Lucy raised a golden brow at her remark and began searching in her reticule for something. “Ah, here it is.” She unfolded a wrinkled sheet of paper and grimaced. “It is a list I made of the available bachelors this season. Very thin, I’m afraid.” She clucked her tongue. “What am I going to do? My grandmother said I’m old goods, and Father said I’ve already started to wrinkle around the eyes. Lara claims her husband has a cousin named Eustace, but I’m not sure I like that name. I’ve known two Eustaces and they were both rather . . . well, unclean. Mama said that Lord Kenton will be looking for a bride after his mourning period is over, but that’ll be a year hence, and by then I’ll be even more old and wrinkled and—”
As it was an ongoing, rather tedious subject, Rosalind quelled the urge to groan. Lucy was two and twenty—not ancient by any means, but the women in her family had all married by their nineteenth birthday.
It wasn’t that Lucy hadn’t any proposals; she simply refused them all. According to the Meriwethers, the finicky Lucy might as well don a lace cap and start leading apes. A hasty prediction, Rosalind believed, but perhaps not inaccurate. None of the numerous bachelors Rosalind had suggested had met Lucy’s approval, so Rosalind had learned to simply listen to all of Lucy’s worries with a patient ear and plenty of reassurances.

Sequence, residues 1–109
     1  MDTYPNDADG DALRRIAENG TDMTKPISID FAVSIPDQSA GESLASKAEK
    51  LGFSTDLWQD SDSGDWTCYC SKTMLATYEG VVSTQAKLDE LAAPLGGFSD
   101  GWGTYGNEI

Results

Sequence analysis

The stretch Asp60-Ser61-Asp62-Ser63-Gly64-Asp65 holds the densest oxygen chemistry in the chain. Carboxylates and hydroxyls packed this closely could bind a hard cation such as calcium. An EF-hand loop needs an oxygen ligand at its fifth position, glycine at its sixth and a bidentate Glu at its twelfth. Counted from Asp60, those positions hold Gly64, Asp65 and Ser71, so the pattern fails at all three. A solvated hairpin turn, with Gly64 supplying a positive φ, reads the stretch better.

Before long, Lucy started to scan her list again, murmuring to herself. Rosalind glanced to the bookshelf. With the irksome man gone, she would now have an unobstructed view of Lord Beecham and the young lady. She trailed her fingertips over various leather spines, pretending to peruse the titles.
How wonderful it would be to witness the fruits of her labor, to see these two besotted people finally embrace their fascination with one another.
“However am I to find a proper husband amongst them?” Lucy complained quietly from below.
you mean?” Rosalind asked out of the side of her mouth, her eager eyes fastening on Lord Beecham as he reached up to take down a book for Miss Honeywell.
“I even danced with Old Lord Utley twice at the Montagues’ little garden party yesterday,” Lucy nearly groaned. “I fear I’m growing so desperate, if he’d managed to get down on his one good knee and ask me to marry him, I just might have accepted.”
“The new Lady Utley would not approve,” Rosalind muttered, unable to help herself.
“Oh, Lord. I had no idea.
“Two days ago. Surely you read the announcement in the paper?”
Shaking her head, Lucy threw up her arms in disgust. “Leave it to me to waste an entire evening dancing with a married old man.”
“Shh,” Rosalind implored, trying not to laugh.
“Go ahead and giggle at my expense,” Lucy continued, whispering. “I only wish my brother were a duke. Then I could afford to be picky and enjoy all the attention that comes with it.”